Phila. mayor celebrates Temple’s new apps and maps studio
A four-day student design challenge hosted by Temple culminated Thursday, Feb. 16, with a visit from Philadelphia Mayor Michael A. Nutter, who recognized the competition and Temple’s new Urban Apps & Maps Studio as producers of innovative, technological solutions to urban challenges.
“Having this kind of studio with this urban innovation, using digital technology and working to reduce the digital creativity gap through this immersive education and mentoring program, this is the kind of thing that we need to replicate all across the city — and then all across the United States of America,” Nutter said during a visit to the Fox School of Business. “We can build a better future in America when we unleash the power of your brain power and your creativity, your knowledge and your access to technology.”
With $500,000 in grant funding from the federal Economic Development Administration, Temple established the Urban Apps & Maps Studio to promote civic and digital entrepreneurship in North Philadelphia and beyond by connecting the university’s resources with community, government and business leaders. Temple also received nearly $200,000 from the National Science Foundation to establish a test bed of campus and urban wireless networks as part of Global Environment for Network Innovations.
The DESIGNweek Challenge, organized by the Urban Apps & Maps Studio and hosted by the Fox School, leverages Temple’s resources, and the technology assets along North Broad Street, to envision new products and services inspired by the opportunities in North Philadelphia.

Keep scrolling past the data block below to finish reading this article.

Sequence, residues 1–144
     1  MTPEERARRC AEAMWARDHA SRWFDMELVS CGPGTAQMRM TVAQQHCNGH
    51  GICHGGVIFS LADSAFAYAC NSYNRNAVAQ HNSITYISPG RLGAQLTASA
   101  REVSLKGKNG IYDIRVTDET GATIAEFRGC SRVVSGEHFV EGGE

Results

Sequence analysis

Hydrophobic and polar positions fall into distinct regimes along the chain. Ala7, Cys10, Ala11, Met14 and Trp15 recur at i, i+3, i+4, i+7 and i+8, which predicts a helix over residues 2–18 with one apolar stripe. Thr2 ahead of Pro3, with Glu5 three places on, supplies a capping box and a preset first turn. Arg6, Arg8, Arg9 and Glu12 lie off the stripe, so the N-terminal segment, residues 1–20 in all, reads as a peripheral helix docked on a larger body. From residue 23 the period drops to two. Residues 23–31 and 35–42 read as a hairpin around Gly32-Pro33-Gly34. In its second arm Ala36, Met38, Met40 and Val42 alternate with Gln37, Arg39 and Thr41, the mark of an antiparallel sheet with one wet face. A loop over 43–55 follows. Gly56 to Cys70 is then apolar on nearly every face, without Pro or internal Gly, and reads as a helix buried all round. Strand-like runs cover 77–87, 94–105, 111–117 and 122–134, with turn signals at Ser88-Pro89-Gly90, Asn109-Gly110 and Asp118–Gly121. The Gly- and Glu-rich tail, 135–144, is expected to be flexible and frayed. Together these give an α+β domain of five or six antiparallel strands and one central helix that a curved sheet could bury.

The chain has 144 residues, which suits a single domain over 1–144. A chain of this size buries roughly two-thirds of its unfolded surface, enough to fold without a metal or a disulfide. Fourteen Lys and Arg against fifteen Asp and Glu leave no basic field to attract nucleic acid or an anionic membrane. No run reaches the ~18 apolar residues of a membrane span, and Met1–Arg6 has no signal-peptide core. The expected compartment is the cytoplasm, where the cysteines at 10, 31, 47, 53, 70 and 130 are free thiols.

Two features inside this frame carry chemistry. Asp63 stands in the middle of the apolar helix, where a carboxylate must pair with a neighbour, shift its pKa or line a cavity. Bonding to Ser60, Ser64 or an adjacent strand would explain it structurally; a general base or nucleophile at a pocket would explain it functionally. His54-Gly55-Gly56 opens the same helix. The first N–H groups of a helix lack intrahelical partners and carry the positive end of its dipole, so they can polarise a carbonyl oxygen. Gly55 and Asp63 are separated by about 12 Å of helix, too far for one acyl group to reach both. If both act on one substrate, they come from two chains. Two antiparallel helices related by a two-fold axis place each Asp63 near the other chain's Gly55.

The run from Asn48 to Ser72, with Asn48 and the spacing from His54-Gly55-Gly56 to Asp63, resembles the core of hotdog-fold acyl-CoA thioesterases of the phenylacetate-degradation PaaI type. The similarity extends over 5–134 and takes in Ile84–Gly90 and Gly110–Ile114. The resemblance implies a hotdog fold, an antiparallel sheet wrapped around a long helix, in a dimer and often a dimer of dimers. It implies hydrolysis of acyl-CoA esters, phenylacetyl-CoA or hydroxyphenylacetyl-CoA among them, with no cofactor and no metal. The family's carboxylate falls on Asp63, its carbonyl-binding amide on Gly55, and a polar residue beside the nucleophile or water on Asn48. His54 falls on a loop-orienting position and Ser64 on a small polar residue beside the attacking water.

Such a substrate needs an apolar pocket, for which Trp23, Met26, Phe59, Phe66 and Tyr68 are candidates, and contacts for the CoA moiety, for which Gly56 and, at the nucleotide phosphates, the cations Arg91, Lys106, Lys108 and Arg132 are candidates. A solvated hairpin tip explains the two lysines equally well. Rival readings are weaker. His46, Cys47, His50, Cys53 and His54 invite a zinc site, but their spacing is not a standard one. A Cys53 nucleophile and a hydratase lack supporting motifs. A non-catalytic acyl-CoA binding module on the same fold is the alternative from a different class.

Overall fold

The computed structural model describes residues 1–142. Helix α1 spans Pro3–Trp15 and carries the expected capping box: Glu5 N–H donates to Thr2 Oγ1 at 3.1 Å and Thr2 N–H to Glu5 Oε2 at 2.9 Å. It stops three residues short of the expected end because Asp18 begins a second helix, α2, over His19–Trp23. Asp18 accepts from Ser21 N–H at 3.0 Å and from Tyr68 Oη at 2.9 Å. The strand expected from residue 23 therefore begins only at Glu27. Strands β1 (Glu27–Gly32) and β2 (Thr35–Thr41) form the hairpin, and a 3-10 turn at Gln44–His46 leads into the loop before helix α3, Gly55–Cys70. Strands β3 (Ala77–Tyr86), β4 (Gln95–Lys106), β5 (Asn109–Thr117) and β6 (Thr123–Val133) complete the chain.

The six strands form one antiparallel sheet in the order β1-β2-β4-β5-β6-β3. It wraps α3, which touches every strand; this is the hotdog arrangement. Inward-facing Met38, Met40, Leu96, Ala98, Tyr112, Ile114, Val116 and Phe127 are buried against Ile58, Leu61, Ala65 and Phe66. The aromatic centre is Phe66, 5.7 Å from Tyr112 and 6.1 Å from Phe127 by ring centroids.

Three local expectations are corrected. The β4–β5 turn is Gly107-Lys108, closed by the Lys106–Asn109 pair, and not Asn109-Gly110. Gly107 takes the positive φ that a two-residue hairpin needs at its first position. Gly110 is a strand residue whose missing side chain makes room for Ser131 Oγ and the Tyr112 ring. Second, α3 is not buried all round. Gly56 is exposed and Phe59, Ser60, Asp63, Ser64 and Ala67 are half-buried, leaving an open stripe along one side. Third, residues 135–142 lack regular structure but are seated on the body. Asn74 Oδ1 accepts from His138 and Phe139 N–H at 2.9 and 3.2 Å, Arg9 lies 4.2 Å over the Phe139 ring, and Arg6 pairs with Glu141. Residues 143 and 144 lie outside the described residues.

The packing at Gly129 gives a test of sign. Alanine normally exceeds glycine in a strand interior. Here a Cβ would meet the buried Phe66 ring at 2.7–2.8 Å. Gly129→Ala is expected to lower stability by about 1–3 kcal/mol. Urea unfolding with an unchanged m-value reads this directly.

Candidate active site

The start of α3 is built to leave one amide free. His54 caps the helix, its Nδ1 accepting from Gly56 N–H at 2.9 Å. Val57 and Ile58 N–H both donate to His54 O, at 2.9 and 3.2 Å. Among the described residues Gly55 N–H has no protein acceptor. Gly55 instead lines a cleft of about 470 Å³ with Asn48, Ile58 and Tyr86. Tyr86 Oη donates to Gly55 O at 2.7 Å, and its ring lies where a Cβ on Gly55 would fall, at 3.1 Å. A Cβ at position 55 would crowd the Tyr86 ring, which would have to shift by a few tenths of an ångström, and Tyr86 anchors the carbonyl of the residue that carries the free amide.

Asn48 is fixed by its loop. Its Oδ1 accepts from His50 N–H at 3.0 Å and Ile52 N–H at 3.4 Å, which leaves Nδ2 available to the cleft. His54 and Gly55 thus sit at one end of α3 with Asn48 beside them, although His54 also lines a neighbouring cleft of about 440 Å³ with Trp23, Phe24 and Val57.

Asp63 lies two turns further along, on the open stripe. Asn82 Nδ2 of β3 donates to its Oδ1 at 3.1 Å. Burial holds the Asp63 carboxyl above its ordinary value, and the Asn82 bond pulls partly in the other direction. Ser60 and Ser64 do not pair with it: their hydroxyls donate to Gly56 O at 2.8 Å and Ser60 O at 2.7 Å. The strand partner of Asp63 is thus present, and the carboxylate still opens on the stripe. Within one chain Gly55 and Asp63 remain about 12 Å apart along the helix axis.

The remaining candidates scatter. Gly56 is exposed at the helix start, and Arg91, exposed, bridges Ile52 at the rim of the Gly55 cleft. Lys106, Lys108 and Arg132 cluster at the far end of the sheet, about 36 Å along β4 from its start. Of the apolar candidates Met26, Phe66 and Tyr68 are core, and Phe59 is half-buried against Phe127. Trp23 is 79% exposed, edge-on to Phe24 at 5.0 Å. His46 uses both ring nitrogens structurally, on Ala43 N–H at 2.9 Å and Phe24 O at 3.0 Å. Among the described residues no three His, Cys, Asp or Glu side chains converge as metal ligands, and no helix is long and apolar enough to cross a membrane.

This year, the design challenge worked with the Philadelphia Housing Authority, and students visited PHA communities, local businesses and significant landmarks to discover opportunities for urban innovations.
More than 125 students from Temple, The University of the Arts and local high schools participated in the challenge, facilitated by Fox School of Business Assistant Professor James Moustafellos and industry leaders, who served as mentors and judges. Ideas from the challenge will become the basis for a series of hackathons, at which software prototypes will be built. The most promising ideas will be incubated at the Urban Apps & Maps Studio for further commercialization.
Through the studio, faculty and students across Temple will work with local high-school students, young adults and local start-up companies to design, develop and commercialize digitally enabled products and services to address urban challenges in areas of public health, education, transportation and more.
The studio draws resources and expertise from more than a dozen centers or colleges at Temple, including the College of Engineering, College of Liberal Arts, College of Science and Technology, Fox School of Business and Tyler School of Art. It also furthers the university’s regional and national engagement with the City of Philadelphia and its OpenAccessPhilly movement, Ben Franklin Technology Partners, Clark University in Massachusetts, Code for America and others.
“The Urban Apps & Maps Studio is an innovative model for civic engagement: bringing the community together, challenging them to create meaningful contributions, and providing avenues for sustainability and impact,” said Abhi Nemani, Code for America’s director of strategy and communications. “This is exactly the kind of thing we expect to see in Philadelphia, which is setting the bar high for the ‘city 2.0.’”